Stephen Gbadamosi and James Bwala
THERE is hope in the horizon that the over 200 Chibok school girls in the captivity of terrorist group, Boko Haram, may regain their freedom soon.
This is following reports that the Federal Government and the leadership of the insurgent group may have finally begun a process of negotiating the release of the school girls.
According to a report of the Cable News Network (CNN) at the weekend, government officials and the International Committee of the Red Cross (ICRC) have started talking with Boko Haram leadership about swapping prisoners of the Islamist terror group for the school girls who were kidnapped in April.
Quoting an anonymous source, CNN reported that the officials met four times with two senior members of Boko Haram in the Federal Capital Territory (FCT), Abuja last month.
The report further indicated that the swap would involve the release of 30 Boko Haram commanders in the custody of the government. It was learnt that the insurgent group had submitted a list of 30 of its members who were either convicted or are awaiting trial on terror offences.
We never raped your girls –Boko Haram“The two Boko Haram negotiators assured the ICRC and government negotiators that the girls were never raped; they were never used as sex slaves and were never sexually assaulted,” said the source, who the CNN reported attended the discussions.
Disagreement over release ratioHowever, despite that the terrorist group has expressed willingness for a swap with the ICRC at an undisclosed location, there has arisen a disagreement on some terms, including and particularly the number of girls involved in the swap.
It was learnt that Boko Haram had insisted on an even swap – 30 girls for the 30 Boko Haram commanders.
But the government, according to the source, has refused to play along on this term.
“They were only ready to release one to one, a condition the government was not going to accept,” the source said.
‘We want to visit Kabiru Sokoto, others’According to the foreign television station, the source disclosed that another hurdle in the talks was Boko Haram’s insistence on meeting the imprisoned 30 top members that would be involved in the swap.
The source said they only had contact with six at a prison outside Abuja, but the whereabouts of the others had remained unknown to them.
The six prisoners, the source said, included Kabiru Sokoto, who was convicted in December 2013 of terror charges over the deadly Christmas Day bombing of St Theresa Catholic Church in Madallah, Niger State, in 2011.
“ICRC couldn’t find where the remaining 24 were being detained,” the source said.
Further checks ahowed that he Boko Haram negotiators gave the assurance that they would get back to the government after consulting with their superiors.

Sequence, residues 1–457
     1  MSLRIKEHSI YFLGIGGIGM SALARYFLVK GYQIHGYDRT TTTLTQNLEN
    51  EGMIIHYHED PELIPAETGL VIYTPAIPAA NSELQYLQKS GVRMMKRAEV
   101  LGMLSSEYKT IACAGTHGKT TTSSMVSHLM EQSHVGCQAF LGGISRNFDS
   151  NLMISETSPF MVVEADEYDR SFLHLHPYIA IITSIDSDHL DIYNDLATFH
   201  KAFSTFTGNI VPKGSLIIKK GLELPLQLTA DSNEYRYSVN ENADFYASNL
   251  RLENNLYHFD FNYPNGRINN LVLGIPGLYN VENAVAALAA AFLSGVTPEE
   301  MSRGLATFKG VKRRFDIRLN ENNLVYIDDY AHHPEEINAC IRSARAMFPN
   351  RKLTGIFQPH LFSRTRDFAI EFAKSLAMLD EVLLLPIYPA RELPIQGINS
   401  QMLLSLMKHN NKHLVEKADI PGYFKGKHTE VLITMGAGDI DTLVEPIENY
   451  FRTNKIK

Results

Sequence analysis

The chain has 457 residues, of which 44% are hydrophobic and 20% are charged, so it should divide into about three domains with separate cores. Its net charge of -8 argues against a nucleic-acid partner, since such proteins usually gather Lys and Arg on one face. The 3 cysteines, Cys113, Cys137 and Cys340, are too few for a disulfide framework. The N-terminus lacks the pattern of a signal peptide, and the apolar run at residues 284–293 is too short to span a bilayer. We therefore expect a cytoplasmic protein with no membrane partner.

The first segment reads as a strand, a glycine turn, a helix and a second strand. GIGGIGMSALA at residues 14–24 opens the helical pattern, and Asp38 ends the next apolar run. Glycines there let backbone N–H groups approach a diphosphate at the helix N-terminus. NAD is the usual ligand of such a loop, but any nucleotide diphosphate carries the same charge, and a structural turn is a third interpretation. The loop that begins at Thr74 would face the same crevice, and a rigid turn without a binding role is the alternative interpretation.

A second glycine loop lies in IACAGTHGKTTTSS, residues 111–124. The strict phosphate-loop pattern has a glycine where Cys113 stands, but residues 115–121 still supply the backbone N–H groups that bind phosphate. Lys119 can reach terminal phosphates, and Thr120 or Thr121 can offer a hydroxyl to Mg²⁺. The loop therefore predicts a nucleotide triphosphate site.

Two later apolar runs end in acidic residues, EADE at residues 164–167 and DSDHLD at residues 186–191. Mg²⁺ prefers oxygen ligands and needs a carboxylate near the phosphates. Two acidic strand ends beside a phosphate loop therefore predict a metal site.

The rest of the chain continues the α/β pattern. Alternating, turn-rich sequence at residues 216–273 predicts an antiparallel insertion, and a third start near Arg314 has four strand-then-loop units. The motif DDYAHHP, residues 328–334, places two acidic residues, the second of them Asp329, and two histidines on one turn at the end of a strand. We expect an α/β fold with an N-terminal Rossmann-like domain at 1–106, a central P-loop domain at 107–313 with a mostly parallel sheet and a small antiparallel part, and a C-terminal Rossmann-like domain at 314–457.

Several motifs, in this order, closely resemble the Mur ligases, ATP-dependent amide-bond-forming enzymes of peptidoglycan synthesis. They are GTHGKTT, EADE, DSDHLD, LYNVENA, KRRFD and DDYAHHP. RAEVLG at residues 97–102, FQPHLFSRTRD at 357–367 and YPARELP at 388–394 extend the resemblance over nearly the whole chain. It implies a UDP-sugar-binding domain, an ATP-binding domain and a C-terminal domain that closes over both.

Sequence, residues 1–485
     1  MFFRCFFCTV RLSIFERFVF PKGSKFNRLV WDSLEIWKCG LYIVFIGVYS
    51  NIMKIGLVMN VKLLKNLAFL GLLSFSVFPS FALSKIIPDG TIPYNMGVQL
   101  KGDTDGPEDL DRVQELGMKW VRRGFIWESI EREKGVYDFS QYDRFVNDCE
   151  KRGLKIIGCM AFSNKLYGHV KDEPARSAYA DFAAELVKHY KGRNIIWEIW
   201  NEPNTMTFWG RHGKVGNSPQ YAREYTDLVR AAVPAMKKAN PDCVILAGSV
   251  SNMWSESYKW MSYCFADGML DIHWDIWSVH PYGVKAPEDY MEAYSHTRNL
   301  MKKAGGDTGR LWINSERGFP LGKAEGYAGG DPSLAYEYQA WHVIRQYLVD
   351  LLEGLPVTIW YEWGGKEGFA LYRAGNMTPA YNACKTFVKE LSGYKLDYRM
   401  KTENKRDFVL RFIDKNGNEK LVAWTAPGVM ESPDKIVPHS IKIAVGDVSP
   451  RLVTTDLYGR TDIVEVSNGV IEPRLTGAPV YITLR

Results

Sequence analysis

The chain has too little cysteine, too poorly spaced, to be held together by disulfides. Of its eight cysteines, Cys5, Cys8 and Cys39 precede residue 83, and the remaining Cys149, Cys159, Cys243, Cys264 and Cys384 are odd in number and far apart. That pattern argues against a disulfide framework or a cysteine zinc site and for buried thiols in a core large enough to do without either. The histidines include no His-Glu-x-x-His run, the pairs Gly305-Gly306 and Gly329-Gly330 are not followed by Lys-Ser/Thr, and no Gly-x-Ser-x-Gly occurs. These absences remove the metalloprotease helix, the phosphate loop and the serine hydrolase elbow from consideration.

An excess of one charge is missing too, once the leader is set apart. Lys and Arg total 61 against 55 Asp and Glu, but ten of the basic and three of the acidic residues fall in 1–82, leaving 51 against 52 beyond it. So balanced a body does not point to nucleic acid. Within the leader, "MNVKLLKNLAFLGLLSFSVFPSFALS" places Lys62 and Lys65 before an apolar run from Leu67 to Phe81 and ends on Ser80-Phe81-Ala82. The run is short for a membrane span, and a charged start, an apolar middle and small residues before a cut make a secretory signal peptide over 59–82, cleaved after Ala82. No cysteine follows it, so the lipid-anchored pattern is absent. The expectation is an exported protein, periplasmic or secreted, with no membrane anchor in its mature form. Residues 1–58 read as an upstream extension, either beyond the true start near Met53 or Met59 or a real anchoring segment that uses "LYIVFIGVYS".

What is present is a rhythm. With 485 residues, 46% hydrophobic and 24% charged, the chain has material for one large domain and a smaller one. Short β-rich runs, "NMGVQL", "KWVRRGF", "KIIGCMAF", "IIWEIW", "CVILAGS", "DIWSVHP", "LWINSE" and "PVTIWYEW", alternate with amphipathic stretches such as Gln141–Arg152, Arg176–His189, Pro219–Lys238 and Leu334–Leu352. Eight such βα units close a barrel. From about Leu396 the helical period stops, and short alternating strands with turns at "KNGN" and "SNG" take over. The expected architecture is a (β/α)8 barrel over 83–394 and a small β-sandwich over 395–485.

Rumour of Shekau’s death spreadsIn a related development, rumour of the death of the sect’s leader, Abubakar Shekau, and some of his commanders in the battle with troops in Konduga was spreading across Borno State, as of the time of filing this report.
Shekau’s reported death is contained in the account of some of the survivours of an attack of the sect on Mainok on Friday, as they said they were afraid of returning to the town “because we are told the insurgents are mad as a result of the killing of their leader, Abubakar Shekau, in Konduga.”
Reports reaching Sunday Tribune in Maiduguri, the state capital, indicated that over 300 people were killed when the insurgents attacked Mainok market on that Friday in what was believed to be a retaliation of the leader’s death as villagers were in the peak of trading on the market day.
A local, Modu Jakana, who narrowly escaped that attack, told Sunday Tribune that the insurgents came in from all angles, “shooting the people as if they were exchanging fire with the military. We don’t know how we escaped, but we were so lucky. They were so determined to kill everybody. I saw so many corpses while we were running for dear lives. At the main road, vehicles that were on top speed also killed so many people as there was confusion everywhere.
“This morning, some of our people told us that over 300 people, including some of the insurgents, were killed because we learnt that the military came and engaged them in a fierce fight.
‘There is calm, but we won’t return to Mainok’“For now, they said calm has returned, but we cannot go back because these people may strike again. They said the people (insurgents) are mad, following the killing of their leader, Abubakar Shekau, during the attack in Konduga.”
When asked how sure he was that Shekau, the leader of the sect, was killed, he said, “look, this picture is being circulated after the attack in Konduga. If you know Shekau very well, you will know he is the one in this picture. We all know him very well. Many of his commanders were also killed during the attack. We learnt that some of them that were caught alive are held in the barracks.
“The remaining ones are those attacking people now. They have gone wild, but we were also told that the soldiers are in pursuit of them. Our prayer is that they would all fall and our state can experience peace again.”
Also, a military source claimed the insurgents were looking for food to sustain their terror acts, a development which made them to invade Mainok market, about 56 kilometres from Maiduguri, on Friday afternoon. He said they carted away foodstuffs and money belonging to the traders after killing many people.
A Maiduguri resident, Alloy Ikechukwu, who travelled along the Maiduguri – Damaturu road on Friday, also told journalists that the attackers stormed the market at about 1.30 p.m.
Stephen Gbadamosi and James Bwala